Either way, and even if you can prove that all three elements of such criminal activity, the burden to prove that it did occur, is theoretically upon the ACCUSER. And in this hypothetical, the ACCUSER is YOU! Additionally, since "what is good for the goose, is also good for the gander", neither defendant (the RLC operator or the LEA) in this case is required to prove their innocence; you the accuser carry the burden of proving their guilt!!!






    Quote Quoting themadnorwegian
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    You'll have to PM me the contact info for your tea merchant. The monkeys who pick my tea have been using scarcity and novelty to drive up the price.
    Hahahaaaa... I laughed so much, it cleared my head cold!!!

    I couldn't top that one... Not even a P.E.T.A. joke would come close!
    I am right 97% of the time... Who cares about the other 4%!

  7. #27
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    Default Re: Red Light Ticket After Being Confused by Traffic Lights

    Quote Quoting That Guy
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    ...then why is it that NO ONE has ever attempted to submit (and later publicize) a CPRA request for information regarding the procedures undertaken by the operator and the law enforcement agency that eventually issues the citation? Just because it is a private entity, does not preclude them from the disclosure requirement simply because their work involved matters that relate to public work.
    The CPRA only applies to privately sourced documents in as far as they are in the possession of the public agency. It does not apply to Redflex per se, even if those documents relate to public matters.

    As to why no one has attempted, you're no stranger to how difficult it is to enforce the CPRA in practice, without resorting to civil litigation. Additionally, no sane defense attorney is going to go fishing for what is most like inculpatory--or at least non-exculpatory--evidence when it is the prosecution's responsibility to provide such evidence.

    Quote Quoting That Guy
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    My answer is regardless of who's responsibility it is, if a system is susceptible to being easily compromised and you have evidence of instances where it was, would you sit on that evidence and keep it to yourself, or would you climb up on top of the highest building and scream it out?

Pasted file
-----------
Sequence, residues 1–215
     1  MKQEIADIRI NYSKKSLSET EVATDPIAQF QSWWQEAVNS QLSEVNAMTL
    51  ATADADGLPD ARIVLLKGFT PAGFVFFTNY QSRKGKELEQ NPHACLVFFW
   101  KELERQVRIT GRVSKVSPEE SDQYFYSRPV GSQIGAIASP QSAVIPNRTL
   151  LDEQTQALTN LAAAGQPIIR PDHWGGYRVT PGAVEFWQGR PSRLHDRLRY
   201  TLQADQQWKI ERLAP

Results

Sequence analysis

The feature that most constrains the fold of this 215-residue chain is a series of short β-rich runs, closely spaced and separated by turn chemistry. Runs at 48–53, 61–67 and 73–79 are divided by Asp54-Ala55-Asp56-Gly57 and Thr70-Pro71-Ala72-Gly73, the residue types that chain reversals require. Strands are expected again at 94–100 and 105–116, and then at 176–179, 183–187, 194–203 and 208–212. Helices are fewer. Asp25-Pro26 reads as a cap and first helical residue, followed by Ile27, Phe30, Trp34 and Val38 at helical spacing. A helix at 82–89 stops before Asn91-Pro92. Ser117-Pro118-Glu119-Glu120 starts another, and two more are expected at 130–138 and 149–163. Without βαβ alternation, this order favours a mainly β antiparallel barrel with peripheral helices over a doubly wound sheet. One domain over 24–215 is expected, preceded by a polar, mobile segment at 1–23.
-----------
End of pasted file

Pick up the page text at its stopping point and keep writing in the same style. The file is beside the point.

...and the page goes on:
It's easy to philosophize, but the majority of folks who COULD be whistleblowers are usually not. I would guess because they are mostly "insiders" and fear for their job.

    Quote Quoting That Guy
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    Speaking of Brady, and in as much as this is an infraction whereby the prosecutor has little if any knowledge of it existing, there are a few arguments out there that say that the responsibility for all Brady disclosures rests with the prosecutor, and NOT the investigating agency. Simple reasoning is that the decision as to what constitutes "exculpatory" evidence and what doesn't, should be lefty up to an attorney to decide! So a LEO is excluded... Sort of kills any Brady discovery argument for any infraction...
    Legally, the prosecutor is only exempted from the obligation to appear in court for infraction proceedings. They may have little or no knowledge in practice, that may be the way things are always done, etc. etc., but it does not absolve them from liability for Brady discovery (or 1054 discovery). Ignorance of the law is not an excuse --- applies to both sides, right? And, as voluminous precedent has established (and we discussed that before), materials in the possession of the investigative agency are in the constructive possession of the prosecution and subject to discovery requirements.

    Quote Quoting That Guy
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    Realistically speaking, every traffic control signal is connected to a programmable electronic circuit. Then every traffic control signal has the potential of going through a glitch every now and again. Why is it that none of the evidentiary requirements that you bring up or hope for are brought up when it comes to a non-RLC case? In fact, maintenance (or lack thereof) in such a case is an affirmative defense. So why should it be otherwise for an RLC case?
    An affirmative defense is basically an excuse, or mitigating factors. e.g. I admit I violated the law, but I shouldn't be held liable because.... Evidentiary/foundation requirements are NOT affirmative defenses.

    As for non-RLC case, none of it matters because presumably the officer will testify on the stand that he/she saw the signal being violated by the defendant.

    Quote Quoting That Guy
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    Hey, if its "... good enough for government work..." its good enough fior me!
    Well, your citing officer's radar, as well as the officer himself, was definitely "good enough for government work", and your survey is not 5+ years old. Are you going to be satisfied only with the survey and NOT requesting calibration/maintenance/training in discovery?

    Quote Quoting That Guy
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    I say "you're objecting to the presumption that a picture cannot be authenticated"...